• Review the statement to accompany the audit report prepared by the Chief Executive Officer and Chief Financial Officer certifying the appropriateness of the financial statements and disclosures contained in the periodic reports, and that those financial statements and disclosures fairly present, in all material respects, the operations and financial condition of the Company.

Internal Controls

  • Determine that management has implemented policies and procedures ensuring the Corporation's risks are identified and that controls are adequate, in place and functioning properly. Monitor the Corporation's systems and procedures for compliance with laws, regulations and other legal requirements. These include a review of management's fraud risk assessment program and controls to mitigate fraud.
  • Inquire of management, the internal auditor and the independent auditor about significant financial matters that have been identified by the internal auditor or independent auditor and assess the steps management has taken to minimize risks to the Corporation.
  • Consider and review with management, the independent auditor and internal auditor:
    1. The adequacy of the Corporation's internal controls and disclosure controls and procedures, including computerized information system controls and security.
    2. Whether management is setting the appropriate tone by communicating the importance of internal controls and ensuring all individuals possess and understand their roles and responsibilities.
    3. The requirement that the independent auditor keep the Audit Committee timely informed about fraud, illegal acts and deficiencies in internal controls.
    4. The required statement accompanying the periodic financial statements by the Chief Executive Officer and the Chief Financial Officer certifying the effectiveness of internal controls.


  • Establish and review procedures for the receipt, retention and treatment of complaints received by the Corporation regarding accounting, internal accounting controls or auditing matters and the confidential, anonymous submission by employees of the Corporation of concerns regarding questionable accounting or auditing matters.
  • Review management's report on internal control effectiveness and the independent auditor's report attesting to management's assertions.

Enterprise Risk Management

  • Oversee the Corporation's risk assessment and risk management policies.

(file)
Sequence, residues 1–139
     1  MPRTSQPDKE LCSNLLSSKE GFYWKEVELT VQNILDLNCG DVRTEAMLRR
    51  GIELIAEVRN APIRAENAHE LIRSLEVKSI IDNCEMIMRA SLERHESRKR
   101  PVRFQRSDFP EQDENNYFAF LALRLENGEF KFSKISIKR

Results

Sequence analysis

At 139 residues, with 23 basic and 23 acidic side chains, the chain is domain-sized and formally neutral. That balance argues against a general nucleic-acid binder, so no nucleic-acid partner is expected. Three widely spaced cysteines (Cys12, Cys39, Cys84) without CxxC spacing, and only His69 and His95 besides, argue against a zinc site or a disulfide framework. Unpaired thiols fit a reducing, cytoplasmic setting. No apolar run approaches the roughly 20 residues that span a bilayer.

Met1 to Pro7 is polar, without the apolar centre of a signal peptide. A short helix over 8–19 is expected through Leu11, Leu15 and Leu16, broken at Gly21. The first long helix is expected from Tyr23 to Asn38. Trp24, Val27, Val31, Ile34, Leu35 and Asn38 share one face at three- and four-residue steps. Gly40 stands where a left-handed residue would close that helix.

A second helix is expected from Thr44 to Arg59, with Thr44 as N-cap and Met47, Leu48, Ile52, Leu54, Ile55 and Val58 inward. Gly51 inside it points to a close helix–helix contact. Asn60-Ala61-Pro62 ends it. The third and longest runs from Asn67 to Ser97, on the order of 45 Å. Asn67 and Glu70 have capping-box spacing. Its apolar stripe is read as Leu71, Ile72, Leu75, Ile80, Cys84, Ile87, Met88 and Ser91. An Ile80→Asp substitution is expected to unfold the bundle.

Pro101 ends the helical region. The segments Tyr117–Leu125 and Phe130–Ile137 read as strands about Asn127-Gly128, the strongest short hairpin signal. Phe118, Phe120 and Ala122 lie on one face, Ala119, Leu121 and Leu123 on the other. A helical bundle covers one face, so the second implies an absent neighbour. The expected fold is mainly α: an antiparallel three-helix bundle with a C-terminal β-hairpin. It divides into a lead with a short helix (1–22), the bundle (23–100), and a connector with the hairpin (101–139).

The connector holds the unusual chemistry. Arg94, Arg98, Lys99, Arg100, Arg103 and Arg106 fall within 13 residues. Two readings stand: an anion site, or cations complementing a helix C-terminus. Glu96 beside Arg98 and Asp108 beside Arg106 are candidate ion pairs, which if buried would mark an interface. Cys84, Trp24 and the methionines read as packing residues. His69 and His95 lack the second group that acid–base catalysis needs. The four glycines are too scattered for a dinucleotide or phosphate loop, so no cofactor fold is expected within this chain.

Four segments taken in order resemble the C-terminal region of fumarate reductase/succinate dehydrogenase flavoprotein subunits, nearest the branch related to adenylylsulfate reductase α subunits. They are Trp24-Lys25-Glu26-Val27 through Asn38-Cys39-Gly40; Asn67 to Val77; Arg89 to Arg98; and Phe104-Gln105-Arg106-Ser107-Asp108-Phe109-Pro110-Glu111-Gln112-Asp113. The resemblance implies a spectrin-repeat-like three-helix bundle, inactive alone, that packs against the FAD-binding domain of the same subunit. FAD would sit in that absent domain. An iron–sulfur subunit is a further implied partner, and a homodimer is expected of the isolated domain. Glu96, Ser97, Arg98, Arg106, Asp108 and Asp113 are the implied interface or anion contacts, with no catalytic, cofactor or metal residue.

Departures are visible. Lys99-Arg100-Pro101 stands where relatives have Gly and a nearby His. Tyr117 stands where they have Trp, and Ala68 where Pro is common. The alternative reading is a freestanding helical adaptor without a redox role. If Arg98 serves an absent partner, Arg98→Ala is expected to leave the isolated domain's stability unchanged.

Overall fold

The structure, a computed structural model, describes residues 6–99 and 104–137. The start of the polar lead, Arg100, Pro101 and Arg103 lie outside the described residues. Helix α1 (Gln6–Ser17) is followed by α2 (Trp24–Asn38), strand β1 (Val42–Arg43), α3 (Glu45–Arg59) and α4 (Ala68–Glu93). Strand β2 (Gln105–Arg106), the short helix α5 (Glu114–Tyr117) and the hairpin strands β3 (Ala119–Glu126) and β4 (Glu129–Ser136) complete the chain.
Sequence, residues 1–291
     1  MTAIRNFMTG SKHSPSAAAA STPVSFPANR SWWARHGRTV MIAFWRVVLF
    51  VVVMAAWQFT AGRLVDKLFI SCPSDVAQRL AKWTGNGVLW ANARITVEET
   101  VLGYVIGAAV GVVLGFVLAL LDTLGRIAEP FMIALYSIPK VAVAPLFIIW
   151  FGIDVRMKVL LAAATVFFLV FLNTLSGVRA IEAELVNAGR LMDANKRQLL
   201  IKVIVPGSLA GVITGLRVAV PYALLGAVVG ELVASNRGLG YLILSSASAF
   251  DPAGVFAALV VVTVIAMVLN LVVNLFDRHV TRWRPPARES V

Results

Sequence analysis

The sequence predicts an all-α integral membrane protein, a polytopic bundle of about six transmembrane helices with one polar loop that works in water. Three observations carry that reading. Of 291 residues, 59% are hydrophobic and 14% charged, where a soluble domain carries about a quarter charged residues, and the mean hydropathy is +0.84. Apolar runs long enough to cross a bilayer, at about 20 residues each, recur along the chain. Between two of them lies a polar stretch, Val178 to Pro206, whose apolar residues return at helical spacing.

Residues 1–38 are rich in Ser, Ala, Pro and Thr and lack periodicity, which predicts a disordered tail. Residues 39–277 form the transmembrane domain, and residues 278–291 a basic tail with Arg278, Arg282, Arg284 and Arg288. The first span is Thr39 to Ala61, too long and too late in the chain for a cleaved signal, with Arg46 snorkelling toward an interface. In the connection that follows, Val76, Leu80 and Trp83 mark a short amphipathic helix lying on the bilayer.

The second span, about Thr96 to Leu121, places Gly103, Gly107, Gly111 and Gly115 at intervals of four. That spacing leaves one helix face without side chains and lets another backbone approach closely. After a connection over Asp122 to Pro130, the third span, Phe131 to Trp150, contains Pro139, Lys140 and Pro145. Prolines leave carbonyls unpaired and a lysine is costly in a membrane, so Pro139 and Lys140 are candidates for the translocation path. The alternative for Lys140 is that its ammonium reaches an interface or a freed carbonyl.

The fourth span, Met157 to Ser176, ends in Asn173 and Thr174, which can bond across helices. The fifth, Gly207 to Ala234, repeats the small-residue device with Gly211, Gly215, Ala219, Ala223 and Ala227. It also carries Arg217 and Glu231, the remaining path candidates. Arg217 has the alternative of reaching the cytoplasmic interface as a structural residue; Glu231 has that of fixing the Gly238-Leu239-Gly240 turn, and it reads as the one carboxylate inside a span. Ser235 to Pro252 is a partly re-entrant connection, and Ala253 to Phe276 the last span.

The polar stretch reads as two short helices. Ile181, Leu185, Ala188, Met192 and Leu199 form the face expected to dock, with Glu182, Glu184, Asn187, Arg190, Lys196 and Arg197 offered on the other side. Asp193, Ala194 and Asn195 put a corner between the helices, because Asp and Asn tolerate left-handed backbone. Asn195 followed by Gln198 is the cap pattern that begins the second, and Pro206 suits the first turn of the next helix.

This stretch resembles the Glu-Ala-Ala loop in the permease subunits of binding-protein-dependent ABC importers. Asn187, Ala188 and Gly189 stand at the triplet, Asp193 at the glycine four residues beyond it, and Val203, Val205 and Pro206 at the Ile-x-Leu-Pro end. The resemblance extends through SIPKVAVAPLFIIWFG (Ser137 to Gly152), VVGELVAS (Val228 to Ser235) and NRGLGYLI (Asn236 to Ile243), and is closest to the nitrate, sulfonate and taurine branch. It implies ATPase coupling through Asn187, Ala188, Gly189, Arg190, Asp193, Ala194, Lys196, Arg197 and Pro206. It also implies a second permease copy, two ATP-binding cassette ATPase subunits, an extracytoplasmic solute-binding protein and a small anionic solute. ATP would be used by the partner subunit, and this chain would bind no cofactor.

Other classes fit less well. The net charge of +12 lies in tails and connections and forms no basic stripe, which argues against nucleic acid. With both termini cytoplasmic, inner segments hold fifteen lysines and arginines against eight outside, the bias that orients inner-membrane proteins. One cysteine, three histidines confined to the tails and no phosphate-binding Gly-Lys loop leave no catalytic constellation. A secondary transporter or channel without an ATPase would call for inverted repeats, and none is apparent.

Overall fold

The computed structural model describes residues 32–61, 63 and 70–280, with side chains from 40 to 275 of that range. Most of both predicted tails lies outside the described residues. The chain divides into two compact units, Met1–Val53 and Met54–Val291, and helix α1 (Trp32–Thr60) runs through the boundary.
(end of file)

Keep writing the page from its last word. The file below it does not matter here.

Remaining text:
• Oversee management's identification, monitoring and evaluation of the Corporation's major financial and other risk exposures including operational, legal, regulatory, business, commodity, major project, strategic, credit, liquidity, derivative, reputation and external risks.
  • Oversee the development of the Corporation's enterprise risk management policies and procedures including limits and tolerances, risk roles and responsibilities, risk mitigation decisions and risk related assumptions.
  • Report regularly to the Board on the Corporation's enterprise risk management program.

Capital Expenditures, Acquisitions and Divestitures

  • Review the financial analyses and communication for each capital expenditure project, acquisition or divestiture, with a cost of $5.0 million or more, proposed by management, including projects previously included in the Annual Capital Expenditure Budget, for compliance with agreed analytical methodologies, risk assessment and communication of critical decision criteria for Board review and action.
  • Review at least annually the results and effectiveness of significant recent capital projects and acquisitions and report to the Board on the review.

Other Audit Committee Responsibilities

  • Following completion of the annual audit, review with management, the independent auditor and the internal auditor any significant difficulties encountered during the course of the audit, including any restrictions on the scope of work or access to required information.
  • Review any significant disagreement among management and the independent auditor or the internal auditor in connection with the preparation of the financial statements.
  • Review with the independent auditor, the internal auditor and management the extent to which changes or improvements in financial or accounting practices, as approved by the Audit Committee, have been implemented.
  • Review scope, plan, changes in plan, activities, organizational structure, resources and qualifications of the internal auditor.
  • Review the appointment, compensation, oversight and termination of the internal auditor.
  • Perform any other activities consistent with this document, the Corporation's Bylaws and governing law, as the Committee or the Board deems necessary or appropriate.
  • Review compliance with the requirements of the Securities and Exchange Commission for disclosure of independent auditor's services.